Dependent variables were determined for one leaf on each plant; because the group size of one plant was represented twice in each block, these plants were first averaged so that all treatments were effectively represented once in each block. Then the sum of the prey mass and the per-leaf average prey mass were determined for each group within each block, yielding n = 5 for each group size. To ask if increasing group size affected either the estimated prey mass per group or the average prey mass per leaf, nonparametric Spearman's rank correlations were determined. Spearman's correlations were also used to test for significant effects of group density on per-leaf abundances within prey types. Only the five prey types with greater than 20 individuals were investigated (Formicidae, Hemiptera, Diptera, Coleoptera, and Apoidea) and Benjamini-Hochberg corrections were used to account for multiple comparisons. All analyses were conducted using the R statistical package (R Core Team, 2016).


In the plant size census, almost all the individuals consisted of one to five leaves, with over half the plants having two leaves (Fig. 1). In all cases the leaves appeared to emerge from the same rhizome.

In the leaves from the group size experiment, the prey were partially decomposed and we were not able to separate prey types by mass, but identification was usually possible. The 80 leaves contained a total of 415 identifiable prey; however, the capture rates by different leaves were highly skewed, with several leaves capturing no prey over the 7 d period and one leaf capturing 51 prey (Fig. 2a). By numbers of individuals, ants made up the largest taxonomic group, but bees and wasps made up over half the prey by mass, followed by beetles and true bugs (Fig. 2b).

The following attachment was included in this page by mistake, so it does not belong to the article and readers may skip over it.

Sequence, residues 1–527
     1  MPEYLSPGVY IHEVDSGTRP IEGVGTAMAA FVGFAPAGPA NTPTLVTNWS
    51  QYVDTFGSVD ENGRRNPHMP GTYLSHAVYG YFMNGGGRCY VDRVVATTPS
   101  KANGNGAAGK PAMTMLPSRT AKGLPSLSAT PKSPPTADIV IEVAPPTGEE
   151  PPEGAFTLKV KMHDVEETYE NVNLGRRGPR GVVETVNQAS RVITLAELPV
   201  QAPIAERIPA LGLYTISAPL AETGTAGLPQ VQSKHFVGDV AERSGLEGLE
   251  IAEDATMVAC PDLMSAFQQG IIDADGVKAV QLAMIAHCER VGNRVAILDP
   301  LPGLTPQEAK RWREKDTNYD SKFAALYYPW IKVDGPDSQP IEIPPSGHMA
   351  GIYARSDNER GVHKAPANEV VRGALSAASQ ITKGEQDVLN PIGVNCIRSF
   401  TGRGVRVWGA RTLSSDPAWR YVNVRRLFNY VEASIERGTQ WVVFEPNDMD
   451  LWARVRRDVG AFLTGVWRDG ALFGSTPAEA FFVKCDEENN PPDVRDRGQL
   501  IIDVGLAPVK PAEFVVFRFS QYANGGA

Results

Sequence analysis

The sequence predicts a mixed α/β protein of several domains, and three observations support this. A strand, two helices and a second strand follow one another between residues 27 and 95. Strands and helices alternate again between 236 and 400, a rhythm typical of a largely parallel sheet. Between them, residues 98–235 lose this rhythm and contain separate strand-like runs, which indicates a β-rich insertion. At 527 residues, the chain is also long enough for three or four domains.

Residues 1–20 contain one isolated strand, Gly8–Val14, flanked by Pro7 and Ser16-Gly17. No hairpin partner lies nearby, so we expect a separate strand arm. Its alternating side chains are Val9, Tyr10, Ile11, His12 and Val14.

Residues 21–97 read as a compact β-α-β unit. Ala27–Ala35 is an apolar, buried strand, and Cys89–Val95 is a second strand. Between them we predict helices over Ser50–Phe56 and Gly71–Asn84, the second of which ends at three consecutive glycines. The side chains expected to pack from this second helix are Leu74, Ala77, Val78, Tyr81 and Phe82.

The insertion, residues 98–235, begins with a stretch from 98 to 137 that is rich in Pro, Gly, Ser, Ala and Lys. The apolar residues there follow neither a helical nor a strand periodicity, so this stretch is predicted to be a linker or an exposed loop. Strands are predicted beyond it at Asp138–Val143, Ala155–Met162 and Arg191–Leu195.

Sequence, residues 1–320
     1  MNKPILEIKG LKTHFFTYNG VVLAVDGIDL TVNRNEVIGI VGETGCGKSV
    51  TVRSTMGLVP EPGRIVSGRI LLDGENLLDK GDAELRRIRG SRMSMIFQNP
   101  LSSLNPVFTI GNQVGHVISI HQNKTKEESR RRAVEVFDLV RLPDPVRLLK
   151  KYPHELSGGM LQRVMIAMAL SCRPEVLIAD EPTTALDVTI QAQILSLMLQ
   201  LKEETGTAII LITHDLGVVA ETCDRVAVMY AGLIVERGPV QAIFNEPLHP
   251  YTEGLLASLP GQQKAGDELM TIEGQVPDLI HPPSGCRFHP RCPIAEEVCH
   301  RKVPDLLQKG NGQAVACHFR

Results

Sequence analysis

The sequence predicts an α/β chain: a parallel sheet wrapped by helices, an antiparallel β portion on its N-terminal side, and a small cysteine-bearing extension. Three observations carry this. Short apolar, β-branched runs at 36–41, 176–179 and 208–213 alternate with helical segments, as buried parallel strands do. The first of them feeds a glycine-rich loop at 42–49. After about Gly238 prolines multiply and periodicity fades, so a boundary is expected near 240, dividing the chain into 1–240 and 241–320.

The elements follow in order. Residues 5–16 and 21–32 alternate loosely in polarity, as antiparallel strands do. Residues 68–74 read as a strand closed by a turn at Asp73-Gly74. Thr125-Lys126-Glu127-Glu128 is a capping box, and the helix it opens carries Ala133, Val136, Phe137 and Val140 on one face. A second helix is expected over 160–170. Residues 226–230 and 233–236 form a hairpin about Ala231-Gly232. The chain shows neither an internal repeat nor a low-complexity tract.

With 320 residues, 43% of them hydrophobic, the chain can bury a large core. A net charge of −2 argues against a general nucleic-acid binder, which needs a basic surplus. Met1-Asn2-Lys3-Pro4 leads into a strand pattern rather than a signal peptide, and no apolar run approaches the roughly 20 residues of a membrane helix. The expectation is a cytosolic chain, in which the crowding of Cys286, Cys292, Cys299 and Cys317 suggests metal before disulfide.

There were also 45 flesh flies, Fletcherimyia spp, in the harvested leaves; flesh flies are not prey but instead use the pitcher plant leaves as an aquatic habitat for their larvae (Miller and Kneitel, 2005). These sarcophagids were not identified to species but are likely F. rileyi or F. jonesi, both of which have been identified from S. flava in nearby bogs (Underwood, 2009). Fletcherimyia larvae are thought to be cannibals, such that each leaf will eventually host a single individual (Rango, 1999). While most leaves had none or one individual, one leaf had six individuals.

Capture rates were determined both at the group and individual-leaf levels. The mass of prey captured per group significantly increased with the number of plants per group (Spearman's rho = 0.737, P < 0.001). There was no significant effect of group size on per-leaf capture of prey over the 7 d experiment (Spearman's rho = 0.171, P = 0.47). There were also no significant effects of group size on the number of individuals from specific prey types captured per-leaf (Formicidae, rho = -0.525, P = 0.088; Hemiptera, rho = -0.525, P = 0.961; Diptera, rho = -0.525, P = 0.961; Coleoptera, rho = -0.525, P = 0.961; Apoidea, rho = -0.525, P = 0.469).